Quack Attack

The dental fillings have been in place since some time in the 70s. When Dr. Koostra put them there. Dr. Koostra, who based on deportment and appearance presumably escaped an eastern block country some time in the 50s. Dr. Koostra, who’s poorly lit office smelled of strange chemicals and with odd cartoons of naked little alien creatures on the walls. Dr. Koostra who’s haunting voice raised images of Bella Lagosi. “I vant to suck your blood.”
Lying on the back, mouth wide open, vague memories are of pain, discomfort and the droning voice “open…now a leetle pain…vider please.”

With the following results:

Silver in color, the fillings the doctor placed in the mouth contain less silver than mercury. Of course dentists recognized early on that calling them “mercury fillings” would not go over so well. Mad Hatter Disease anyone? So they came up with the name “dental amalgam.” No need to deceive with a name that avoids the issue altogether.

At issue is whether these fillings, containing as much as 50% mercury, are toxic. After the cleaning of the colon, the liver and the gall bladder, shouldn’t the contents of the upper end of the nutritional subway be considered for potential sources of ill health, death even?

The mercury is added to the filling material because it makes it more malleable and binds the other metals.

But anyone who’s broken a thermometer in chemistry class to play with the silvery beads inside, knows that mercury is a liquid at room temperature. How about at mouth temperature? What do you think happens in there? And what about when coffee or tea are consumed, or Mom’s chicken noodle soup, Dawn’s beet borscht?

The problem with mercury is its toxicity to human cells, especially neurons (yep, that includes yer brain), the gut cells, the liver and kidneys. By itself, mercury is classified as a hazardous substance by the US Environmental Protection Agency, and is considered a powerful poison, 5000 times more toxic than lead.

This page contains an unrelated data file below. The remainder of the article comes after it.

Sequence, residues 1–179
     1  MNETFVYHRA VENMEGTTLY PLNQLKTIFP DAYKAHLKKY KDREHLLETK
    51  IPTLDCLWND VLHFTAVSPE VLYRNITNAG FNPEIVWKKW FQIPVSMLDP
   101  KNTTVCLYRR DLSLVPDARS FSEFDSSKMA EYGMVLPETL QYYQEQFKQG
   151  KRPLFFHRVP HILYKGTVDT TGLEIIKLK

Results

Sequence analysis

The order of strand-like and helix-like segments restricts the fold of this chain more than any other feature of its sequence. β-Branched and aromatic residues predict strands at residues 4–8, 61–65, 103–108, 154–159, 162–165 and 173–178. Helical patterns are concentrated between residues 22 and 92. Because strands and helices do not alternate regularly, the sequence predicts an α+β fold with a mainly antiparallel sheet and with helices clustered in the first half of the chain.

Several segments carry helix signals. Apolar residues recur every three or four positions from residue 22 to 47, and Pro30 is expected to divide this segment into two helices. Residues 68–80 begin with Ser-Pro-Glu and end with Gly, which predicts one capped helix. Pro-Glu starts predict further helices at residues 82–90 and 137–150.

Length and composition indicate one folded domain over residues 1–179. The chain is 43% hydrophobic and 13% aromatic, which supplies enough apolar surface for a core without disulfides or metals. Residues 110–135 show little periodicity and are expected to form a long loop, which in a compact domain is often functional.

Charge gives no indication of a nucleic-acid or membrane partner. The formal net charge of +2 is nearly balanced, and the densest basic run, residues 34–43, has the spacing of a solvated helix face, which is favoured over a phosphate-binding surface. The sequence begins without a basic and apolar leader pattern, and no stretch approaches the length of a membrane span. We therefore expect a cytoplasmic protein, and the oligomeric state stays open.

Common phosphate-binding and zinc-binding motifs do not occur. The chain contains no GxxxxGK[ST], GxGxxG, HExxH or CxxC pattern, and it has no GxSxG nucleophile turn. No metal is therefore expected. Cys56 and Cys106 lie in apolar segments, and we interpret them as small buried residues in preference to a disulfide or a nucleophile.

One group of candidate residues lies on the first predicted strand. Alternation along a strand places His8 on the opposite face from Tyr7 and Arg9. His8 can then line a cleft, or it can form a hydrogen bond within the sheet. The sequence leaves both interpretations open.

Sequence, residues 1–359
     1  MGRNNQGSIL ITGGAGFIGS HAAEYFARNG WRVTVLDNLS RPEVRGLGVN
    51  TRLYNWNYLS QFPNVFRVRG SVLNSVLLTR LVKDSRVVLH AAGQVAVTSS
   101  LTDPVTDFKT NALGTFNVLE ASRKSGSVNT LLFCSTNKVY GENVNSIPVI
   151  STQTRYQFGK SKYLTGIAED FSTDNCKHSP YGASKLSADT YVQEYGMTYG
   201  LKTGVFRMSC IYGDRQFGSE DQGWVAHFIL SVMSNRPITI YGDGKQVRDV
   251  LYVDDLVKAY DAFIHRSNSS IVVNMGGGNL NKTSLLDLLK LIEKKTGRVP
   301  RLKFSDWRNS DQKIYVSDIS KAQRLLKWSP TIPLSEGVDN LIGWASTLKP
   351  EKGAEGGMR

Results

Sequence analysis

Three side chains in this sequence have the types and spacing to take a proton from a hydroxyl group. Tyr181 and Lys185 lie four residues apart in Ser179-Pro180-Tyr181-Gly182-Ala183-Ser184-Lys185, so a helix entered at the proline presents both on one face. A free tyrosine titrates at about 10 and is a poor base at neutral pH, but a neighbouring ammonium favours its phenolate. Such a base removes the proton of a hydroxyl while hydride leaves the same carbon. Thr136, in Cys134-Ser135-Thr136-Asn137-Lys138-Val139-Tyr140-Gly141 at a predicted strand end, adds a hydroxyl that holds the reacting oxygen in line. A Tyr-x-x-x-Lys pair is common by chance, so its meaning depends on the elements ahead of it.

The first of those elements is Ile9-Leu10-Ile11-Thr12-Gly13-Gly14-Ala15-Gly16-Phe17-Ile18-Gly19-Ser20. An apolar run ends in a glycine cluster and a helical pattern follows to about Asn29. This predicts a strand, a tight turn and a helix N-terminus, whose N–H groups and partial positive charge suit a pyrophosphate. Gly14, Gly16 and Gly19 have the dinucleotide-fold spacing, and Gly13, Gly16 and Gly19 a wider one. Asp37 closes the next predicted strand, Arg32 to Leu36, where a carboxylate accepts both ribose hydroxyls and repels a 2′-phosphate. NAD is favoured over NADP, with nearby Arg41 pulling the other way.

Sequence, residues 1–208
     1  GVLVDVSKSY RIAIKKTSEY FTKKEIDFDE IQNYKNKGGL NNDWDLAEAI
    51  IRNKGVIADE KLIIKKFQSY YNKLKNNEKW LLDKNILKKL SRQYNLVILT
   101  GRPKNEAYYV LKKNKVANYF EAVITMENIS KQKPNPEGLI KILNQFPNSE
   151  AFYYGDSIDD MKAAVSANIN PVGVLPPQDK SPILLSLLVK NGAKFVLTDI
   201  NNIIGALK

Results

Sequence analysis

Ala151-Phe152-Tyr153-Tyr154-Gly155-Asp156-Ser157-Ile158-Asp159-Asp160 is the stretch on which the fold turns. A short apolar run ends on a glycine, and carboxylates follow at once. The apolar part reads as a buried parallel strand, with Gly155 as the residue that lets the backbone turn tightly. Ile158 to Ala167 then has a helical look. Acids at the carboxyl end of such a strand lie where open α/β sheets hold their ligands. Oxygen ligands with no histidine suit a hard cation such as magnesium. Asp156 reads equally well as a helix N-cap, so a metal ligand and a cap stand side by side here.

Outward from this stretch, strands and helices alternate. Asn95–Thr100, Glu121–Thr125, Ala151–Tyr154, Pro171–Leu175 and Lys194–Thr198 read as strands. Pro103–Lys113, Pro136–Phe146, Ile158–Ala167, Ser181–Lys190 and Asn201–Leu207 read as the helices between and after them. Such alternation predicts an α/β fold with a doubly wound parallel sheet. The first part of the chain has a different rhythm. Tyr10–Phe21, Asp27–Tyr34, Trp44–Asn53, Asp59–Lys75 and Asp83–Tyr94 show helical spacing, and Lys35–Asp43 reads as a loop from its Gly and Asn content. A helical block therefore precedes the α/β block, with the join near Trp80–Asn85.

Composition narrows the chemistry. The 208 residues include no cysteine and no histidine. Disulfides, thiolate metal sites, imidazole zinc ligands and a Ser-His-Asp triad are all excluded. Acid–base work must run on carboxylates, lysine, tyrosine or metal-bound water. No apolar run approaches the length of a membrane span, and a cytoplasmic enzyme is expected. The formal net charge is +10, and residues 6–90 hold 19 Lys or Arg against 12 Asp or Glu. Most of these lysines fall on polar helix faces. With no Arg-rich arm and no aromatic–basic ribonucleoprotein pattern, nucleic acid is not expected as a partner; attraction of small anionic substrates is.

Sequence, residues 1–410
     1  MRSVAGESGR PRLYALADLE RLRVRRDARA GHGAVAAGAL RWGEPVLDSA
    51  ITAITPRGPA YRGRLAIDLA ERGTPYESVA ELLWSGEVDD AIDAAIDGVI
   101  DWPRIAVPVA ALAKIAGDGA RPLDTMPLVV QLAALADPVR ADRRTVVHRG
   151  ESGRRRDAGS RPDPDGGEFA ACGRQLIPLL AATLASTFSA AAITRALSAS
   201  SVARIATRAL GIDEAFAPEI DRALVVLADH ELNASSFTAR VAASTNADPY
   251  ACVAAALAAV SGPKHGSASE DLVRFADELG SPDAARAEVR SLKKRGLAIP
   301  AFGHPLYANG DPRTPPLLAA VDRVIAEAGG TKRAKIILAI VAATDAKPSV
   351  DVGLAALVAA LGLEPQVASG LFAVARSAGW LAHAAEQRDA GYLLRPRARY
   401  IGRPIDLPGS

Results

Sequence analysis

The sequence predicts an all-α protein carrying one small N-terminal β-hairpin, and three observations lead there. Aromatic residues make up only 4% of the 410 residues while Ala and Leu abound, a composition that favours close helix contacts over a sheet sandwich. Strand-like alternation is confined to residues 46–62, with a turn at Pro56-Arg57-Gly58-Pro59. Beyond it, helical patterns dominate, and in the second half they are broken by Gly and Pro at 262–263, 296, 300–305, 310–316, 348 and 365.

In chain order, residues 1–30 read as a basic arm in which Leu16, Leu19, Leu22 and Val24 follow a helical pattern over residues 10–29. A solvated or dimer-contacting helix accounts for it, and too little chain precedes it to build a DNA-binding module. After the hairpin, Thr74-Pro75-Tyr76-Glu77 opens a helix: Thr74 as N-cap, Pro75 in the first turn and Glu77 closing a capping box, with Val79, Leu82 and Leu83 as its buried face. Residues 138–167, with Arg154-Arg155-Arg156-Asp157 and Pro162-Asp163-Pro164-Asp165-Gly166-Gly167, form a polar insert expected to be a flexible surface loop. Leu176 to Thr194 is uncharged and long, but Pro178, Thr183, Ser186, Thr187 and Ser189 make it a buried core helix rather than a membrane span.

So how the heck did we end up with mercury in our fillings?

In the 1830s dentists in America fractured into two groups: those favoring mercury fillings and those opposed to them. The American Society of Dental Surgeons disliked mercury amalgam’s tendency to fracture teeth as it expanded in fillings. They were a little concerned about mercury’s side effects too, like insanity and loss of motor function from nerve damage.

Members of the ASDS pledged never to use amalgam for fillings. And they referred to dentists who used mercury as quacks, because this is short for quackenslaver – the German word for mercury. Who were these dentists who favored using mercury-filled amalgams? They became the American Dental Association.

In time, addition of tin to the mixture solved the problem of expansion of the amalgams. So, despite the risk to their patients, over the years more and more dentists turned to using them because they are cheaper and easier to use than other filling materials.

Like an ostrich with its head in the sand, the ADA avoids conducting human safety studies of mercury amalgams. They contend that they’ve been doing it this way for 150 years so it must be safe. Huh?

Independent researchers have done the studies though and found that mercury is released from dental fillings to a significant degree. Released to travel about the body, it impairs kidney function, causes autoimmune diseases, impairs fetal development and may cause infertility. In essence mercury effects the entire body because it attacks at the level of the nervous system.

So with optimum health as a goal, it was decided Dr. Koostra’s fillings had to go. Despite the 30 odd years relationship.

Enter: Dr. Rosa Pena. Mexican dentist extraordinaire.

Two and a half hours later, six fillings had been expertly replaced with a white “composite” material. And the results speak for themselves.


For a detailed description of the history and politics surrounding the use of dental amalgams click HERE.